Formatting and cleaning data is a crucial and often time-consuming step in any data analysis. One frequent step in this process involves converting text dates to numeric values. In this article, I’ll be discussing at a high level how to do this conversion and why it is important.

We’ve all found ourselves needing to share data between systems only for it to fail because dates were formatted incorrectly in one program and couldn’t be read by the other. One tool may output dates that are in American format with the month coming before the day while your intended analysis tool expects dates to be in international format with day before month.

Given messy date text in a data file, we need to be able to read it in and work with it in some later step in our analysis. Why is it important to not simply leave the text dates as text? Because we frequently need to perform operations with the dates.  Another reason it is important to convert the text dates is to ensure our code is as safe and efficient as possible. Each program will have certain features that can be used with text values and other features that work specifically with dates. For example, attempting to add “1” to “2018-10-31” does not make much sense to a program that only knows “2018-10-31” is a text value. However, if it treats that value as a date, it may know to add one day and output “2018-11-01”.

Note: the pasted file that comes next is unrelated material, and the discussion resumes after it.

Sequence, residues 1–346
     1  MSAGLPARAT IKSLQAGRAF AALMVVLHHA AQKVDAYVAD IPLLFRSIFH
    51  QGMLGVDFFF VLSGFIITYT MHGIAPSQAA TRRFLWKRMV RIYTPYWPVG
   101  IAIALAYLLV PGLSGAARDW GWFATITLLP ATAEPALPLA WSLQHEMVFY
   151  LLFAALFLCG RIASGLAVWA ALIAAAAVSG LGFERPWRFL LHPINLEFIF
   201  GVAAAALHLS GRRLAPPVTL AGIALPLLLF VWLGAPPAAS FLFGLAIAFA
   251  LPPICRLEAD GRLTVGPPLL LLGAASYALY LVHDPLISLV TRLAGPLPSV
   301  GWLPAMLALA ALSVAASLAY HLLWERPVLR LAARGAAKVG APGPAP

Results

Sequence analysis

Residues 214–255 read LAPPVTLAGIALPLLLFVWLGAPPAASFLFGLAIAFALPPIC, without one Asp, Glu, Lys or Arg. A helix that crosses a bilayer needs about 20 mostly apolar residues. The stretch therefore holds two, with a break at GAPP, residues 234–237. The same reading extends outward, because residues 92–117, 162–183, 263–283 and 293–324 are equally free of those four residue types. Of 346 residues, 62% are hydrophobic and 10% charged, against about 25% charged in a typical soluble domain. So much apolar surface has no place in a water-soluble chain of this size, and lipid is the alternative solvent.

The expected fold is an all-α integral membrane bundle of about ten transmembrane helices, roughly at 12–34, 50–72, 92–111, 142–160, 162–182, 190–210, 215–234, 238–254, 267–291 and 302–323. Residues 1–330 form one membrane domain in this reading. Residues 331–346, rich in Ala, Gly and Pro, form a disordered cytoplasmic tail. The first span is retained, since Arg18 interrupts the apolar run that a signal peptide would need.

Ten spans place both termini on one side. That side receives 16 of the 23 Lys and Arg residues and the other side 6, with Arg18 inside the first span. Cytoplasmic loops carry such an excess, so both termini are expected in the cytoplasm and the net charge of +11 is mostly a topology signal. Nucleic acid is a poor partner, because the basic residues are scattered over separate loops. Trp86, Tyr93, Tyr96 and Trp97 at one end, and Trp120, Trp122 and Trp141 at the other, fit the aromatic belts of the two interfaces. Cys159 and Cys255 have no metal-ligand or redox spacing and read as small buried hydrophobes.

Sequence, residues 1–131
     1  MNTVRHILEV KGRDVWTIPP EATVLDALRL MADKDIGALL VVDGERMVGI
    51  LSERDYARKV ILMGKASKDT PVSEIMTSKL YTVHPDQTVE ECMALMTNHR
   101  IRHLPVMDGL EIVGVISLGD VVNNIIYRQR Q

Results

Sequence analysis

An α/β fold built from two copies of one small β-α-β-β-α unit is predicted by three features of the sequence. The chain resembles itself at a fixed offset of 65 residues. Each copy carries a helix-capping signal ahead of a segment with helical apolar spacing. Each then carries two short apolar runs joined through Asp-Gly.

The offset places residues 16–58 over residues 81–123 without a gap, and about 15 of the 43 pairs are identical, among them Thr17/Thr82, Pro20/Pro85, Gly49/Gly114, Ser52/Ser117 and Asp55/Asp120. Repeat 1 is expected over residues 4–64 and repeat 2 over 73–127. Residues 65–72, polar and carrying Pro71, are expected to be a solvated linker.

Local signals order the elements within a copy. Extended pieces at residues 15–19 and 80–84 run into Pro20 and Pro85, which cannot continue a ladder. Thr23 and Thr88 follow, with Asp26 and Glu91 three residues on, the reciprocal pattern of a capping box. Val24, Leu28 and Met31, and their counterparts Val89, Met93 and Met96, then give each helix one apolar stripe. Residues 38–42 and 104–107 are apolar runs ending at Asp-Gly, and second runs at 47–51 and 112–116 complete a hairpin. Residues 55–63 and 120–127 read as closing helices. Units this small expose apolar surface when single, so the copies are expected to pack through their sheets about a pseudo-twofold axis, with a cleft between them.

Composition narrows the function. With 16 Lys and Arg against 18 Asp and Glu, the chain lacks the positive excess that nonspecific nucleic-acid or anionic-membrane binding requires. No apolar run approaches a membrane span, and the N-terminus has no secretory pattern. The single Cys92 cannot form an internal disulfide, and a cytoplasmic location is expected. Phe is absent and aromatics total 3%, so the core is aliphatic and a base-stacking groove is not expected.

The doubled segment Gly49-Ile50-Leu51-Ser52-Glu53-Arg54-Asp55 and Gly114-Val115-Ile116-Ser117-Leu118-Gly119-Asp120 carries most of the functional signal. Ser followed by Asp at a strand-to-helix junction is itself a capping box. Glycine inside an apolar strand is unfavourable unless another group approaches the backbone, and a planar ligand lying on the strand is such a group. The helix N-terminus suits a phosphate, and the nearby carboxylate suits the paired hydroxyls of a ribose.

Common tasks we would like to perform with dates include displaying dates in a particular format for charts and tables, extracting specific parts of a date, aggregating data by date, or filtering data that falls into a certain time period. Fortunately, every popular data analysis software offers some features to simplify these tasks.  However, it can be a hassle depending on the software and how messy the data file is. Consider the following table of data.

Most programs will have routines that recognize the dates in the column “Purchase date”, but the “Ship date” column with its inconsistent and less common formats will cause more difficulties. It is easy for different programs to get tripped up by these differing formats.  The program reading the dates in will have to worry about things like whether the first day of the month is written “1” or “01”, whether months and days are separated by “/” or “ “, leap years, etc. Some of the most common formats include DD/MM/YYYY (e.g. 31/01/2018), DD/Mon/YYYY (e.g. 31/Jan/2018), and YYYY-MM-DD.

The presence of time stamps cause considerable additional headaches. With time stamps, a program needs to worry about time zones, whether dates are in 12 or 24 hour format, whether seconds or fractions of seconds are present, leap seconds, plus many more hassles. Some examples of common formats for the timestamps are “H:M:S” (e.g. 18:10:34), “H:M pm/am” (e.g 12:34 pm), and “H:M:S timezone” (e.g. 02:54:30 AEST).

We don’t want to have to worry about all these issues ourselves with each analysis, so we rely on features of the data analysis tool to handle this for us. Examples in popular programs include the DATEVALUE function in Excel, strptime in R, the Date class and its methods in Javascript, and the datetime function in python.